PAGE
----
An inaugural event for female financial advisors, “Investing in You,” organized by the Advisor Group, reinforced the importance of women to the financial industry at a time when the very essence of their womanhood — empathy — is the new market mantra for attracting and retaining clients.
The keynote panel focused on how successful women advisors built their books while managing clients, family, firm and personal expectations.
Diane McCurdy, president of McCurdy Financial Planning, reiterated women advisors must work to their greatest strength — good communication skills. “Men aren’t the best communicators at all times. Where women speak 40,000 words a day, men use just 8000.”
Her strategy to success: When you’re having a bad day, get on the phone with your clients immediately. “At the depths of pessimism are points of greatest financial opportunity.”
Last Christmas, when the bears mauled the markets, McCurdy says she was on the phone constantly, calling clients, placating fears. She didn’t shy away even from clients who lost a meaty portion of their pie, sharing what she knew, and admitting what she didn’t. “At one point, I was calling one particular client every 15 minutes.”
Come New Year, and her book was bulging with referrals from clients who appreciated her for staying in touch when times got tough.
When dealing with harried clients, the one question, McCurdy says, that calms them down is: “Are you looking at the last highest statement?” More often than not, they are.
And when it comes to internal teams, McCurdy suggests treating staff like you’d treat your clients. “We don’t always communicate so well with our staff.”
She experienced a lot of false starts when hiring her team, sometimes trying to morph the job profile to fit the employee, rather than find the right fit for the job. “You hire on skill set, fire on attitude. The right attitude is very important.” She highly recommends Craigslist for good candidates. That’s where she found her last two.
When Susan Latremoille, wealth advisor and first vice-president of Richardson Partners Financial Limited, first began hiring, she used ad hoc and word-of-mouth referrals. She has now become more strategic, sometimes even using Kolbe assessment indexes to profile team members, and help them play to their strengths.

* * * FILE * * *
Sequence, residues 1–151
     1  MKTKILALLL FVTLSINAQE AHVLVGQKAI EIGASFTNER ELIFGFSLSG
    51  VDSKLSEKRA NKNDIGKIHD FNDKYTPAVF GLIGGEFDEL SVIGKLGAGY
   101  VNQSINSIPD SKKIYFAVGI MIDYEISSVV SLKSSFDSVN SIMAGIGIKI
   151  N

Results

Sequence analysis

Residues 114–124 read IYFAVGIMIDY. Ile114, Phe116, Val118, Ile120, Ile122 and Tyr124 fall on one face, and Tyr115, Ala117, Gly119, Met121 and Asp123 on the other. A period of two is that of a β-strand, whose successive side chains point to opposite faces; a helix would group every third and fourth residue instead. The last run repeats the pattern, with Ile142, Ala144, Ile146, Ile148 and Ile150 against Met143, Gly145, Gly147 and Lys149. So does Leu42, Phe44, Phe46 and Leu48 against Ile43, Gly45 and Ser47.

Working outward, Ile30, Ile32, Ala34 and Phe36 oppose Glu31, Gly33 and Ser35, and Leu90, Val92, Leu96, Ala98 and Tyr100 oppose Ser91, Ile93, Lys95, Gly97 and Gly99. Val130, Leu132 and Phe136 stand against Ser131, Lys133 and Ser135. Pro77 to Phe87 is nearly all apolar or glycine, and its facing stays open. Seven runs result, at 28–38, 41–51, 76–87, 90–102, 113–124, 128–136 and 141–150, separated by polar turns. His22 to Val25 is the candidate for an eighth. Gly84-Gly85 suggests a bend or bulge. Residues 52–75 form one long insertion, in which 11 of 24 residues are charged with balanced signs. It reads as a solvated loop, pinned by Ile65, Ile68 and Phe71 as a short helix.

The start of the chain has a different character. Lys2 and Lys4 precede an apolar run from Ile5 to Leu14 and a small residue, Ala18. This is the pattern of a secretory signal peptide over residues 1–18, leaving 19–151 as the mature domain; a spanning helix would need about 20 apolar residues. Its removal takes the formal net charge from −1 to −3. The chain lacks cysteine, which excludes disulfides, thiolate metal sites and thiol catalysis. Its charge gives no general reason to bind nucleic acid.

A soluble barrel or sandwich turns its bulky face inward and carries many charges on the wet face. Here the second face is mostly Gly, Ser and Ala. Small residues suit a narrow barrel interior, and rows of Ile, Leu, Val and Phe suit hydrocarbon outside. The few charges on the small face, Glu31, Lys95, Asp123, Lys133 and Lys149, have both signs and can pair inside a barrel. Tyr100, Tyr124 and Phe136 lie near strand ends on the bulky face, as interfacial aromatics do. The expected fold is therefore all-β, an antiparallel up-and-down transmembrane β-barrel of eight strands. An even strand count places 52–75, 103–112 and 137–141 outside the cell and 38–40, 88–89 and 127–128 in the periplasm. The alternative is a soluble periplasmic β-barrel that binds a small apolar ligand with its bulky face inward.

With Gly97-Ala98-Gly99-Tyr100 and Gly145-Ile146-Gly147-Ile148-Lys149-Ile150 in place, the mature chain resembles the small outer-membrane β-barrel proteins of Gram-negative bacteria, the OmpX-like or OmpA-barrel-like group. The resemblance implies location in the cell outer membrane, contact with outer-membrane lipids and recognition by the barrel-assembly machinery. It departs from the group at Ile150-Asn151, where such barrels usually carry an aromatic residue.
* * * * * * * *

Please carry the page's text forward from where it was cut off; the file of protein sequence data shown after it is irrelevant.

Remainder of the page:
She too is a big believer in the strength of good teams. Her all-woman, six-member team has mastered the art of delineating responsibilities. Her clients feel comfortable approaching different team members for different things.
Cynthia Kett, principal of Stewart & Kett Financial Advisors, agrees the blend is spoiled if even one team member doesn’t gel well. “The key difference between people you hire and those you don’t hire is how they treat your clients.”
And when it comes to networking, building teams, and seeking clients, Kett says it’s best not to seek after 20 different people in a group. “Just focus on two or three you find interesting, and get to know them well.”
For those shy at prospecting and networking, Kett suggests focusing “on the other person rather than yourself.”
Another way to network and grow in this profession is to belong to various professional and women’s organizations, notes Kett. She even suggests networking with professionals who’re not in the same business, but whose client base is similar to yours. “Collaborate to service each other’s clients better and you’ll forge strong relationships.”
All three acknowledge the significance of good mentors. And McCurdy says they can be found anywhere — in your profession or outside it. Even clients can become mentors, in that they raise questions and you end up finding answers together.
We all make mistakes on our way to the top. Latremoille’s biggest one was to accept clients indiscriminately. “I needed to set asset levels earlier on, to put in place minimums a lot earlier and raise them faster.”
If McCurdy could do something differently, it would be maintaining better work-life balance. “I wish I had delegated sooner, faster.”
Kett says she was cautious not to take on just any clients who came through the door. As a result she has a healthy book of business today. Her motto is to live life without regrets, and interweave firm, family, friends and clients into the larger scheme of things, to achieve a healthy balance.